Blood test predicts recovery after hip-replacement surgery
Clues from a blood sample can predict how quickly patients who have had hip-replacement surgery will make a full recovery, according to a new study led by Stanford Medicine researchers.
The hope is that the blood test will provide insights into things patients can do before and after surgery, such as adhering to a special diet or exercise routine, that may help them regain full mobility.
The findings may also help clinicians more accurately evaluate patient recovery after surgery. Currently, physicians gauge patients' recovery by asking them questions about pain and physical activity, among other things. But these surveys are subjective, said Nima Aghaeepour, Ph.D., an assistant professor of anesthesiology, perioperative and pain medicine, and it requires a lot of guesswork to interpret the responses.
"We needed to find a more reliable, data-driven method to anticipate the precise needs of patients as they get back on their feet after surgery," Aghaeepour said.
The paper was published Oct. 14 in Annals of Surgery.
Immune cell crystal ball
In their search for a molecular harbinger of surgical recovery, the team enrolled 49 hip-replacement patients, ages 57–68, and asked each to don an activity-tracking smartwatch before and after their procedures. Before the surgery, each patient also underwent a blood draw, which the researchers analyzed using techniques that parsed cell subtypes, as well as the cells' activity.
The idea was to compare blood-test analyses, which capture information about protein levels and immune function, with how long it took for patients to fully recover after their procedure. (The researchers measured full recovery by recording activity patterns, such as sleep data, step count and other movements, before surgery, then tracking how long it took for patients to return to those levels post-surgery.)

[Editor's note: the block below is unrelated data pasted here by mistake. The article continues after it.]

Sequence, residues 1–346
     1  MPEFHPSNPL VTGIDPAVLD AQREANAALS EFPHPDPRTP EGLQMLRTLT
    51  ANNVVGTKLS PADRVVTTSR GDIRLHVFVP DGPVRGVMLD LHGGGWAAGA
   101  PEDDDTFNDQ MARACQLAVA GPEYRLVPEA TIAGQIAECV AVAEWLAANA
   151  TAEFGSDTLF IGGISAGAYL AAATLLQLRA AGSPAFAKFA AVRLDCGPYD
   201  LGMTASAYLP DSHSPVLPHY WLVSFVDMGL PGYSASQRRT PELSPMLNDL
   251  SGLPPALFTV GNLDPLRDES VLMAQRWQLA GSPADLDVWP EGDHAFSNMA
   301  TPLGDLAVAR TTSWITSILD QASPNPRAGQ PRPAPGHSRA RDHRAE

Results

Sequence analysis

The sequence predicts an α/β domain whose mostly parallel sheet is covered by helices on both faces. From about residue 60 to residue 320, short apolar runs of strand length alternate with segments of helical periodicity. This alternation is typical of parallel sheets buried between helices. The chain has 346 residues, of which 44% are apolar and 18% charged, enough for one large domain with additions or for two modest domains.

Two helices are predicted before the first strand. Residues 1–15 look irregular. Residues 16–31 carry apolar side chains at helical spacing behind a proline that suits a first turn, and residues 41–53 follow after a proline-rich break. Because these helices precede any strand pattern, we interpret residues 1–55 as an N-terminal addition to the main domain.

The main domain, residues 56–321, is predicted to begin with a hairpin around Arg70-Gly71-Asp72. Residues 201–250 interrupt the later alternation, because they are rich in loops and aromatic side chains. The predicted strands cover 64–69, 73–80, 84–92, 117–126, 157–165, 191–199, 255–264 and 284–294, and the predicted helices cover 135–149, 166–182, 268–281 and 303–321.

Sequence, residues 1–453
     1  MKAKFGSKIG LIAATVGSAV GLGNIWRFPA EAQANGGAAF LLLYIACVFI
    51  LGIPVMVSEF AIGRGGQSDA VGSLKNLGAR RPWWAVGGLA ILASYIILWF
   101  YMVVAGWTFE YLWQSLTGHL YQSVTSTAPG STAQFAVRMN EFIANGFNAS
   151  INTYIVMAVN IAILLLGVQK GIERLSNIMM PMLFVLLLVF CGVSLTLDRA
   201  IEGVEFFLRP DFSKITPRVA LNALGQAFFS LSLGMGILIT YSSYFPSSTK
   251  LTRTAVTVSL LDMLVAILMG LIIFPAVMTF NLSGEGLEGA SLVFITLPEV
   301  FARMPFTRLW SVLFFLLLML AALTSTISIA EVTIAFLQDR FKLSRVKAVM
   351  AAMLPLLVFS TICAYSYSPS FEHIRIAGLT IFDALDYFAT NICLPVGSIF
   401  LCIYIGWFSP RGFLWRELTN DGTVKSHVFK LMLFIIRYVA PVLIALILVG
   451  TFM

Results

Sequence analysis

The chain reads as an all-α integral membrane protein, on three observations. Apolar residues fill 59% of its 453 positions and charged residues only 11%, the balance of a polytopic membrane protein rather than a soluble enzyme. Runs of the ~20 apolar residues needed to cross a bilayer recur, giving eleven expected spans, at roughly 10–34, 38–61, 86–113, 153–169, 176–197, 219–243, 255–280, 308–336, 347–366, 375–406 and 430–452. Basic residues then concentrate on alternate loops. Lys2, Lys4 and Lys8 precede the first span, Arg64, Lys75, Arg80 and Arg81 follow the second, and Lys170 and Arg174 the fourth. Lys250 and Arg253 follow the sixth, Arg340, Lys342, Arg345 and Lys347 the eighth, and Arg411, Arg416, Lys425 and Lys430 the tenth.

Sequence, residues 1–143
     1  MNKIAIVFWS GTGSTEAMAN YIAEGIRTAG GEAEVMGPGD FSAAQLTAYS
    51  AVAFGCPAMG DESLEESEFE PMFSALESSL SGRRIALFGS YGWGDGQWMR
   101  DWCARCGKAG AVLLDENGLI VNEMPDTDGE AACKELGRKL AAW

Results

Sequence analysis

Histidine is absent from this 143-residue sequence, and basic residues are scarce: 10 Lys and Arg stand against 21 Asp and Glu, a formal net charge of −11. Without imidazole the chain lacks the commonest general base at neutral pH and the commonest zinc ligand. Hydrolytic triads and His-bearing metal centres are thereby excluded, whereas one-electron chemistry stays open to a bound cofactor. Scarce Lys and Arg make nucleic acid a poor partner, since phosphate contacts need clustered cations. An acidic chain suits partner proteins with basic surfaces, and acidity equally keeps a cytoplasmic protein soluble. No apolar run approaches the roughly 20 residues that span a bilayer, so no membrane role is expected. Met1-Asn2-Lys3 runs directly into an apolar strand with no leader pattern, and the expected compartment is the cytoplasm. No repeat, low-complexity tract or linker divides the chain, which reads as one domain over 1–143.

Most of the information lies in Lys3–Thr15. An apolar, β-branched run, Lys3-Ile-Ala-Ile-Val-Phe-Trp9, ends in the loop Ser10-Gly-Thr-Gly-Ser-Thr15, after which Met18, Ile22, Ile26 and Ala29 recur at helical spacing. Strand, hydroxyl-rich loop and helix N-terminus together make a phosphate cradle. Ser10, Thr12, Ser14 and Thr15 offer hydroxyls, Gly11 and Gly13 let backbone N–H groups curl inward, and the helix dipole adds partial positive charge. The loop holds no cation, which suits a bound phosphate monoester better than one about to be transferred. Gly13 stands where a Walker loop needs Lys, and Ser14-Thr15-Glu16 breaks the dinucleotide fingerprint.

Using the smartwatch data and information from the pre-surgery blood draw, the team devised an algorithm that could accurately predict how swiftly patients would get back on their feet. Overall, those whose blood tests showed the strongest immune function prior to surgery recovered 34% faster than those with weaker immune function.
The algorithm's predictive power relied largely on the activity of myeloid-derived suppressor cells, a type of immune cell. But the researchers weren't simply looking for this cell's presence; they also were measuring its activity when exposed to a molecule that mimics an infection. Higher activity levels correlated closely with quicker recovery times.
While the study's data is preliminary and applies only to hip surgeries in people around age 60, the researchers suspect that the findings will generally apply to patients of various ages undergoing different procedures. "My expectation is that there will still be a strong connection between the immune system and recovery, but exactly what that connection will be is still to be determined," Aghaeepour said. The researchers plan to investigate other patient populations with the same blood test and smartwatch approach.
They are not yet using the predictive data to inform patient care, but the ultimate hope is that anyone awaiting a surgical procedure will receive the blood test to guide the smoothest, fastest recovery.